WASHINGTON – The rhythm spiced up the air while a couple of hundred Washingtonians ignored the chilly night outside and danced or kept time to the cheerful commands of the singers on the stage.
For an hour Thursday,the Millennium Stage and the Grand Foyer at the John F. Kennedy Center became part of Puerto Rico.
2003 Puerto Rican Grammy nominee Plena Libre performed a show filled with Caribbean sounds,coquettish dancing and joyful lyrics about love,freedom and the origins of the “plena” music itself.
Gary Nuñez,52,founder and director of the group,said that when the group always hopes that the public enjoys the music,“and that usually happens all the time we perform.”
The Puerto Ricans were surprised at how many people showed up for the free concert – approximately 300.
“It's great … we never really expect that many people because of the nature of the plena. We are not used to these types of events. I've played in many places,but they are more open stages,” said William Gonzalez,42,timbal player.
The name “Plena Libre” responds to the contemporary influences that this folkloric rhythm receives under Nuñez's guidance. The traditional plena is mixed with salsa,Cuban styles and local Caribbean music.
Plena originated in Ponce,the second-largest city in southern Puerto Rico,in the beginning of the 19th century. Sometimes it's referred to as the “sung newspaper,” because it told the news of the day to the public.
For the last five years,the group has been presenting its music around the country in places without a tradition of Latin music,something group members found odd.
“We've been in some really strange places. We went to Harrisburg,Pa.,in September,and there were lots of Latinos,but in Wilmington,Del.,I saw one or two,at the most,” said Valerie Cox,the group's manager.
Gina Villanueva,31,plays the conga and is also a co-founder of Plena Libre. She is the only woman out of the 13 group members. “They are my family,although they do take too much care of me sometimes,” Villanueva said,laughing.
She was also surprised that so many people attended the show. “That's the idea of all this,that they enjoy our music,no matter the language they speak,” Villanueva said.
“We are groundbreaking … Plena Libre is a group trying to project the Puerto Rican music at an international level. That's what makes us distinct from the rest of the other Puerto Ricans known worldwide,like Ricky Martin and Eddie Figueroa,” Nuñez said.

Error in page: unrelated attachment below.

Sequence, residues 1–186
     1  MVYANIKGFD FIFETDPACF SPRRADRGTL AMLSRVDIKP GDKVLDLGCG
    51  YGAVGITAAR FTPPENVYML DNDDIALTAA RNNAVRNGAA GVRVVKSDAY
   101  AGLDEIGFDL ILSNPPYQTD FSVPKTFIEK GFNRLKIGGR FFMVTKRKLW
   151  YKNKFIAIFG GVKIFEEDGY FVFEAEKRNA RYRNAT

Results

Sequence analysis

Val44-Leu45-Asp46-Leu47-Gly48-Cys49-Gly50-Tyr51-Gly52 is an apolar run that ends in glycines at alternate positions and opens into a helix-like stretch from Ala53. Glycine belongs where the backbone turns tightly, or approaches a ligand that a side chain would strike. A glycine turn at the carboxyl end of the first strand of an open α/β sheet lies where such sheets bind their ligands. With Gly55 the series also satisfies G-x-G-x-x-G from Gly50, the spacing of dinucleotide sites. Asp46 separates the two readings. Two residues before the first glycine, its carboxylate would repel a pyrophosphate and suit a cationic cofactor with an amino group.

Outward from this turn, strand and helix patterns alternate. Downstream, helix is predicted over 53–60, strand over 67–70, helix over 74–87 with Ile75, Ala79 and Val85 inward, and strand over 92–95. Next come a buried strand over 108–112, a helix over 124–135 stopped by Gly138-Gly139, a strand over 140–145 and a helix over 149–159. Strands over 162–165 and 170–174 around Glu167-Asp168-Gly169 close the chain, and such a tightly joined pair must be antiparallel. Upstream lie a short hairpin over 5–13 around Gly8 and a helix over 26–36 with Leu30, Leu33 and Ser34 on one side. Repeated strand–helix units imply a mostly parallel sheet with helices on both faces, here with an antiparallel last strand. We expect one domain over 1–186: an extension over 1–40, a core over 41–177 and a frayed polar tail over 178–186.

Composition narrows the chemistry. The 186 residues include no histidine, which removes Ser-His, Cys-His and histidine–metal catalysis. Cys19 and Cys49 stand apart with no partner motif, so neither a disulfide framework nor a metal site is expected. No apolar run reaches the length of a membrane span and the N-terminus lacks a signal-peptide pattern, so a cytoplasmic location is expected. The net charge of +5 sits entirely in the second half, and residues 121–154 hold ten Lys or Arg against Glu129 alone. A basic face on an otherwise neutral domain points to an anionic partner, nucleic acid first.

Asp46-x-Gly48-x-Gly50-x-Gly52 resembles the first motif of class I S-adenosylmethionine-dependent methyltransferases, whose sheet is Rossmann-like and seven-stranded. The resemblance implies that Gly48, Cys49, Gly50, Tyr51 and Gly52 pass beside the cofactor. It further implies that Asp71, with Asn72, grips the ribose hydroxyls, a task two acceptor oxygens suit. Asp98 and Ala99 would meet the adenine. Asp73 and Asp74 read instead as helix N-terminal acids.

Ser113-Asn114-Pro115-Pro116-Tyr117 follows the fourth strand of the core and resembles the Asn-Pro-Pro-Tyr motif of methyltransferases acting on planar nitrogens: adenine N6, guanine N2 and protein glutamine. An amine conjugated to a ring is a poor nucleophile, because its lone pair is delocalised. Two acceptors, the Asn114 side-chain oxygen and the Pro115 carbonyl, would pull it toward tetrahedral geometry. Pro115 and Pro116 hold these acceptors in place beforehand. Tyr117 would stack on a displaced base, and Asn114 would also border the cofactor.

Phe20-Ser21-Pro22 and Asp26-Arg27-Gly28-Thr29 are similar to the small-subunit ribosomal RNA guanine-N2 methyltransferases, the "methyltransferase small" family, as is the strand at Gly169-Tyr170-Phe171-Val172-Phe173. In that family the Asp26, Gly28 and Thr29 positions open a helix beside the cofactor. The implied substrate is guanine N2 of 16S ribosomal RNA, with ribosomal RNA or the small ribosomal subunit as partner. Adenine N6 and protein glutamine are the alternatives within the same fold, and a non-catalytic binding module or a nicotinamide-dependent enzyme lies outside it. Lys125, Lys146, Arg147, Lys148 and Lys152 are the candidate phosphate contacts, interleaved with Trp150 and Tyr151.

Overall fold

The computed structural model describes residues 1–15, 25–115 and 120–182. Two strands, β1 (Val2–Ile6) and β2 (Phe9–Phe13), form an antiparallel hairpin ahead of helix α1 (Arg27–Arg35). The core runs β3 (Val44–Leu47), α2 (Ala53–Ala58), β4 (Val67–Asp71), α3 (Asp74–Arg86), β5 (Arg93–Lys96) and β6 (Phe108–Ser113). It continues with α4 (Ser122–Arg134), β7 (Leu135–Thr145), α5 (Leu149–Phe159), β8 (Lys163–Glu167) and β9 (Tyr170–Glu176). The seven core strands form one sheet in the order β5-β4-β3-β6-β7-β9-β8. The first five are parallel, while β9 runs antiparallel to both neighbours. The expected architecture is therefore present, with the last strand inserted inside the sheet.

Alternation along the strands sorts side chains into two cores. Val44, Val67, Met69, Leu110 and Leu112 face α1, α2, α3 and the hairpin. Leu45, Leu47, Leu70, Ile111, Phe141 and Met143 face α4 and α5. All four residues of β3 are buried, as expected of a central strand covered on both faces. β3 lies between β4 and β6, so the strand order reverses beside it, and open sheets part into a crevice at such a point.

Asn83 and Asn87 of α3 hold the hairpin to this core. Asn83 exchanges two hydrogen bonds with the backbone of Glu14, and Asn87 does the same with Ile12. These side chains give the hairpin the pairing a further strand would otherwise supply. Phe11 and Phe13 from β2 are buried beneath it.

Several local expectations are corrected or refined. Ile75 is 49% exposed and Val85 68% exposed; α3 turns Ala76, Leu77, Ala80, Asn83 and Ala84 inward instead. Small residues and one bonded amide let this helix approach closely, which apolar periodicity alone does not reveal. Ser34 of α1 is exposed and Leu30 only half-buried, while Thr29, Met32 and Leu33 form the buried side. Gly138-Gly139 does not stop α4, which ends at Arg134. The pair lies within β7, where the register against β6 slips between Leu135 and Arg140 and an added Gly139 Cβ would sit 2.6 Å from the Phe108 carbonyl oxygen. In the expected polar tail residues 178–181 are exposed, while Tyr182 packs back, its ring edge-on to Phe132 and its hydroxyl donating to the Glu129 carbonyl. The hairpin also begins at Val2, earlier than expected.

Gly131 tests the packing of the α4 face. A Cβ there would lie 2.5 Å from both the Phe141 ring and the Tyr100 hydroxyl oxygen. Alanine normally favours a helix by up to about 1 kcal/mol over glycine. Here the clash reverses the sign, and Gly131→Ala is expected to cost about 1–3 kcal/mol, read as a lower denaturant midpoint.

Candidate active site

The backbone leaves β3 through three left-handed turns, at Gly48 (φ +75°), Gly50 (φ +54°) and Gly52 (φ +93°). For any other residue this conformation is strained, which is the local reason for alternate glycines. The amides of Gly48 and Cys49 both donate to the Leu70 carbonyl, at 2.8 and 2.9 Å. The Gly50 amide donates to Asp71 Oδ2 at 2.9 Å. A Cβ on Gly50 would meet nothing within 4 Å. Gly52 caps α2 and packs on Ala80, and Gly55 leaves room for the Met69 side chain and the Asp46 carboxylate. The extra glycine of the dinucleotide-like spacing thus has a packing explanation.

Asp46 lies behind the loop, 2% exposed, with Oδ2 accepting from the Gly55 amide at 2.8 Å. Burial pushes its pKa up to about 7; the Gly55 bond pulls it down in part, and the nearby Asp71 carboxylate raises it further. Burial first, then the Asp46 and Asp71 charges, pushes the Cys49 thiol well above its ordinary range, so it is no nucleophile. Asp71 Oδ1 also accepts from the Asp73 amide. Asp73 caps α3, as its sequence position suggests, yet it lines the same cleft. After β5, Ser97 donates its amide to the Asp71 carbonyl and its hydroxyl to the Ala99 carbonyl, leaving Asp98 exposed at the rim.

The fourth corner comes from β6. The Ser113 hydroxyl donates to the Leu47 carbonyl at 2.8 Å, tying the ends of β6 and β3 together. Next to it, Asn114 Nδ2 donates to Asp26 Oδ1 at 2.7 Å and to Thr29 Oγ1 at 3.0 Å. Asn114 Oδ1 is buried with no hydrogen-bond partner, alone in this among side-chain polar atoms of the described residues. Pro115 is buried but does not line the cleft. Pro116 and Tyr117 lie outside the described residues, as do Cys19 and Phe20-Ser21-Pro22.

Holly Meyers,38,who attended the concert,works for Discovery Channel en Español in Silver Spring,Md. She is also a musician,and has known about Plena Libre since she went to Puerto Rico for the first time in 1994,the same year the group was created.
“The thing that makes plena distinct,” Meyers said,” is that it was a tool of communication for slaves. Because the people would be out in the street protesting,but they couldn't bring drums,so they used the ‘pandereta' to communicate whether to run away if the guards were coming.”
A pandereta is a handheld drum with stretched animal skins,usually goatskin,covering a round wooden frame. It's the main instrument for any plena performance.
The origins of the plena are a mystery. Not even Plena Libre's musicians are sure about how it came to be.
The first version says it was developed by a black couple from the Antilles,John Clark and Catherine George,known as “Los Ingleses” (the English),who arrived in Ponce in the early 1900s. Clark would push his wife to sing by saying “play,Ana!,” an expression that became the word “plena.”
The problem is that her name was Catherine,so it's not very accurate,said Victor Muñiz,49,lead vocalist.
Another popular version is that African and Taino (or native) slaves would get together to dance and sing under a full moon,“luna llena” or luna plena.”
The AmericArtes!,a multi-year Latin American event at the Kennedy Center's main stages,was supposed to be in the spring,but it was moved to September. Plena Libre could not come then,so Thursday's performance served as a peek at what will happen in the fall.
Plena Libre is touring the United States most of the year. The group performed Friday in Camden,N.J.,and then will go to York,Pa. The group will also be at the Montreal Jazz festival,the Chicago World Music Festival and the Broward Center for the Performing Arts,in Fort Lauderdale,Fla. In August the group will perform at Lincoln Center in New York.